Need urgent help--how much trouble is my colony in?
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  1. #1
    Join Date
    Jan 2013
    Location
    Burnet County, TX, USA
    Posts
    22

    Default Need urgent help--how much trouble is my colony in?

    I am a first year beekeeper with my first 10 frame hive and I need urgent help. I got my colony from a nuc in April. They seemed to be doing great despite a few small hive beetles here and there.

    Well, a couple of weeks ago I made a horrible rookie mistake with my top feeder. I took out the rafts in my Dadant hive-top feeder because the beetles were hiding under it when the sugar syrup ran out. So instead of the rafts I floated corks in the troughs but they did not work. I opened up the top and found several hundred bees drowned in there. It was awful. I saw a couple of long larvae squirming among them which I assume were SHB larvae.

    So I cleaned them out and left the feeder empty for a few days for the bees to clean out, which they did. The hive appeared to be ok about a week later. But yesterday I did an inspection and there is no brood, either capped or uncapped. I DID see the queen though, and also one supercedure cell in the middle of a frame. There is plenty of capped honey and lots of pollen. I could not see any eggs or larvae at all, even though the queen was there--I did not even see diseased or damaged larvae. I have a million questions, namely:

    1) Could the stress of losing several hundred workers cause a pause in egg-laying or brood rearing from the other workers? Or did the beetles wipe them out?

    2) Should I let the supercedure take place or remove the cell? I am not interested in harvesting honey this year if it's not gonna happen, I just want the colony to survive.

    3) I have two bare frames and one side of two other frames that the bees are not drawing out with comb. Should I add on a super now, or will that just provide more room for beetles to hide?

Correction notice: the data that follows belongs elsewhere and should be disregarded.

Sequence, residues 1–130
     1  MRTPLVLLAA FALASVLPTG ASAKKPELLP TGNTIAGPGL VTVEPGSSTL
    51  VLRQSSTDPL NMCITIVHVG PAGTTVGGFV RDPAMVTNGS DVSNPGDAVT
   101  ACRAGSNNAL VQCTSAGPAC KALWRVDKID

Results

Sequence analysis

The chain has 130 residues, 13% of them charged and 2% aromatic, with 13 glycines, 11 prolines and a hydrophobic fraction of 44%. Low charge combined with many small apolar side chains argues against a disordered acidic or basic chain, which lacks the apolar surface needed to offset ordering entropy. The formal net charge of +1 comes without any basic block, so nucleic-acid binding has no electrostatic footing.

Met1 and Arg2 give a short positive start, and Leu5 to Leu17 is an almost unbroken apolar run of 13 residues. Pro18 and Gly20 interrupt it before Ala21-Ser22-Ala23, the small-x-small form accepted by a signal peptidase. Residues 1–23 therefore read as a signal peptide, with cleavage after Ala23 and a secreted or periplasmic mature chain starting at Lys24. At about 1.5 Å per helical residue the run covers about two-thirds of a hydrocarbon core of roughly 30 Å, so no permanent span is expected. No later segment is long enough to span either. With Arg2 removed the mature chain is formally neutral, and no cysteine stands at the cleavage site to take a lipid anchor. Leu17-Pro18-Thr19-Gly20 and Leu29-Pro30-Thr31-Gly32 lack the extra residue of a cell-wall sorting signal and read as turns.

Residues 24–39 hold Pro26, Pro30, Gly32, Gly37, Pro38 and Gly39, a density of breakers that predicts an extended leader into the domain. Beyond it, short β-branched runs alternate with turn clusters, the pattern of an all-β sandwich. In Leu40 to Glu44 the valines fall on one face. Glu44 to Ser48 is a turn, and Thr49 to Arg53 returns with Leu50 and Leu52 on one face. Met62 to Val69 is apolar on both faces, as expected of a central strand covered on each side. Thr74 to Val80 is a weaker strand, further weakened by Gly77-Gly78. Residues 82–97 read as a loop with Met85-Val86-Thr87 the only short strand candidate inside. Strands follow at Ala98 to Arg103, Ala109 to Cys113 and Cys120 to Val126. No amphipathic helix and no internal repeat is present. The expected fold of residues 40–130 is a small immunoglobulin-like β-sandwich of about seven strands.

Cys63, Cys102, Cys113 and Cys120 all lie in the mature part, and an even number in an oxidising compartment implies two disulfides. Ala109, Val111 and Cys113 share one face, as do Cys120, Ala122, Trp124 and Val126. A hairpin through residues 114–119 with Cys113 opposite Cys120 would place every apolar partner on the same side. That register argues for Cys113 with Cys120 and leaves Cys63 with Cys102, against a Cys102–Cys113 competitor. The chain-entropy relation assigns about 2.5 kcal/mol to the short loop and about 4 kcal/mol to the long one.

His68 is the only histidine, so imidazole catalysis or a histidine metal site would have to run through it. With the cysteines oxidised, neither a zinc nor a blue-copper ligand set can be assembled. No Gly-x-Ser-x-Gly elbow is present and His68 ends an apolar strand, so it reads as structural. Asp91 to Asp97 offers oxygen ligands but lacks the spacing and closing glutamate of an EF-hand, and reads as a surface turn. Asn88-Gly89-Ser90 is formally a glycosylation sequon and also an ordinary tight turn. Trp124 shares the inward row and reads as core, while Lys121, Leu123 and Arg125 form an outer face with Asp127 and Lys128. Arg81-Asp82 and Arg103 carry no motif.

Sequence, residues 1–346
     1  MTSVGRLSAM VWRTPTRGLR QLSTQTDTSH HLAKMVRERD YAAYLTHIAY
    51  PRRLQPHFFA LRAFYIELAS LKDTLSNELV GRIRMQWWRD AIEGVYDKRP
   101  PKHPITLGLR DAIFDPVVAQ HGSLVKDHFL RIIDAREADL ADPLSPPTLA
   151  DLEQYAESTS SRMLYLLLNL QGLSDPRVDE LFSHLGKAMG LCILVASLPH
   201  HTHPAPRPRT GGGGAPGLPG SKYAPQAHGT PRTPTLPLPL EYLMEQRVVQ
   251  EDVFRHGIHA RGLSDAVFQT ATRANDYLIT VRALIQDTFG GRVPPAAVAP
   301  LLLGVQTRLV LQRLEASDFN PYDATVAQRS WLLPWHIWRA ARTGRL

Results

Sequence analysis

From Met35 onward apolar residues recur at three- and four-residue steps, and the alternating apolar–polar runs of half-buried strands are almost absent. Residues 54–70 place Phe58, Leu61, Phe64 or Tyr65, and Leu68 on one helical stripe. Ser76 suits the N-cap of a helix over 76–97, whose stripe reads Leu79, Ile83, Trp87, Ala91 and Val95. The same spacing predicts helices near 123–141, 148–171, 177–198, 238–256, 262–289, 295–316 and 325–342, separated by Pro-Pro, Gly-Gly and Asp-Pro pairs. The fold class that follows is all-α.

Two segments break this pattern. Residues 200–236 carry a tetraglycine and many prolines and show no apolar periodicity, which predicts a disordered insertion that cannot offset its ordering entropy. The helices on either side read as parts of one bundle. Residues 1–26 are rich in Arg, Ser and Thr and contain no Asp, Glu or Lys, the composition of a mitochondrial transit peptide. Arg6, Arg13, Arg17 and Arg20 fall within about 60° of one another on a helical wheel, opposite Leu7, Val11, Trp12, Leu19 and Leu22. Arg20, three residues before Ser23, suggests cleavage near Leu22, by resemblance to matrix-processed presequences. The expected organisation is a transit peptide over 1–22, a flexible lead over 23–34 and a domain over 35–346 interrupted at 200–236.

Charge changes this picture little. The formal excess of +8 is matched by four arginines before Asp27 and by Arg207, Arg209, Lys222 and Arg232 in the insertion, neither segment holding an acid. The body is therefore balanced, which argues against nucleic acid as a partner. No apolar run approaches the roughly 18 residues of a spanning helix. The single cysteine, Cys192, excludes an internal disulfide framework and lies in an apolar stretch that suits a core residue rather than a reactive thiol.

4) Any other advice on what I should I do?

    Thank you all for sharing your expertise!

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  3. #2
    Join Date
    Mar 2013
    Location
    Taylor County, Georgia, USA
    Posts
    718

    Default Re: Need urgent help--how much trouble is my colony in?

    Could the stress of losing several hundred workers cause a pause in egg-laying or brood rearing from the other workers?
    Very unlikely.

    Or did the beetles wipe them out?
    No. SHB damage is much more obvious, and disgusting.


    Should I let the supercedure take place or remove the cell?
    I think I would let them supersede. It could be that the timing was just coincidental about the dead bees and your queen shutting down. She could just be a low quality queen that quit much sooner than she should have.

    Should I add on a super now
    ,

    No. Your hive is not growing right now. They will not use it.

    or will that just provide more room for beetles to hide?
    Yes.


    Any other advice on what I should I do?
    Yes. Install traps if you have a significant amount of beetles. Keep feeding if their stores are light. Other than that, leave them alone.
    Try it. What could happen?

  4. #3
    Join Date
    Sep 2011
    Location
    Santa Rosa County, Florida
    Posts
    579

    Default Re: Need urgent help--how much trouble is my colony in?